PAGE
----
Surf Science: Swell Direction


Izzy Poulin in the Dominican Republic. Photo by @jake_of_all_trades

In our other Surf Science posts, we’ve covered how waves are made, where and what direction they break, and wind conditions. Now we have to consider where the waves are coming from, swell direction.

Swells come from all different directions (North, South, East, or West), depending on where you are located in the world and where the storm that is generating the swell.  Swell direction is also further forecasted in degrees on a compass. For example, a South West swell is coming from the South West (and heading to the North East) and you can see from the diagram that the angle would be 225 degrees (numbers on the outside edge).


A quick break down on degrees is:

North Swell (0 Degrees) = Heading South

East Swell (90 Degrees)  = Heading West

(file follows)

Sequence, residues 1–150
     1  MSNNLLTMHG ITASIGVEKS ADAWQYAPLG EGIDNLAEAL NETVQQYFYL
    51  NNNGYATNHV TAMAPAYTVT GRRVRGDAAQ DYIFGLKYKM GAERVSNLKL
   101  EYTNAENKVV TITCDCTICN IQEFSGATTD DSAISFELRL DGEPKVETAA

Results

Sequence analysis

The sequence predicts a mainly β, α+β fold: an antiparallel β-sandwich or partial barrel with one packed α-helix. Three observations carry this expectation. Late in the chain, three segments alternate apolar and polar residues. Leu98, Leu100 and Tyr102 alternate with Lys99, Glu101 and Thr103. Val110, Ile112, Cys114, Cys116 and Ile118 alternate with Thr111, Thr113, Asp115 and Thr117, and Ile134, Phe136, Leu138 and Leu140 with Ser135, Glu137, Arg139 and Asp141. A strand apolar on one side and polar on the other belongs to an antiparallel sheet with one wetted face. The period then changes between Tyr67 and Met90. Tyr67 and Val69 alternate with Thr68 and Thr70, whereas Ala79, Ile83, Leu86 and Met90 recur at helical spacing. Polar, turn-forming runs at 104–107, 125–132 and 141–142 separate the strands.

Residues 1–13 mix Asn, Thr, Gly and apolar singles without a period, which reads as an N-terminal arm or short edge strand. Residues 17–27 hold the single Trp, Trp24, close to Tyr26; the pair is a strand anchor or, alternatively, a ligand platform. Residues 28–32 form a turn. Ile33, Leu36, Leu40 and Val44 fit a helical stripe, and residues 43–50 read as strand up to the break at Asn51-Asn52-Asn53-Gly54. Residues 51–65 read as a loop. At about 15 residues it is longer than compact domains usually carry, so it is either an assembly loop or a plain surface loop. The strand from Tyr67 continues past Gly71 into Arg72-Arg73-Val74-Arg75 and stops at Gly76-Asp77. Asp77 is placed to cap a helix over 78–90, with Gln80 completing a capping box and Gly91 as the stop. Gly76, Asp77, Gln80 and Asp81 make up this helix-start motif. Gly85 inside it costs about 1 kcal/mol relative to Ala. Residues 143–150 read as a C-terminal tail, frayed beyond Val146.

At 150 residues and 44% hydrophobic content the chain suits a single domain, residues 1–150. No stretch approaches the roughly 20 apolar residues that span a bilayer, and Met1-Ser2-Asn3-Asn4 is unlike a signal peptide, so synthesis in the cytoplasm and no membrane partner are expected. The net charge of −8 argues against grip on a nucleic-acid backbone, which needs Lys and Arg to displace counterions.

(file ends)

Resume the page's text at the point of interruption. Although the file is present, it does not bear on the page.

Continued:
South Swell (180 Degrees) = Heading North

West Swell (270 Degrees) = Heading East

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Then we need to consider what direction your beach faces (North, South, East, or West). For example, our home break Tamarindo faces North-West.  The best waves usually are generated from a North or West swell.  These swells typically come from Alaska during the Northern Hemisphere winter at 265°- 310°. If you cross the river mouth here in Tamarindo and surf Playa Grande which faces South-West, the best swells come from the South at 170° – 240°. These swells are usually generated during the Southern Hemisphere winter.

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Tamarindo during a North swell. Photo by team rider Kristen Brown.

So what happens if you live in Tamarindo and there is a South swell???  There is potential for the swell to refract and still produce waves in Tamarindo (in general the swell angle needs to be greater than 210°). The waves will be smaller since the swell is not a direct hit to Tamarindo, BUT some waves are better than no waves!  And, at times the swell can be too powerful and direct for Playa Grande, so  more surfable waves happen to be in Tamarindo.

Sound a bit confusing? Don’t worry, just like weather forecasting, surf forecasting can be wrong. Our rule of thumb is to just show up and the beach, paddle out and have some fun!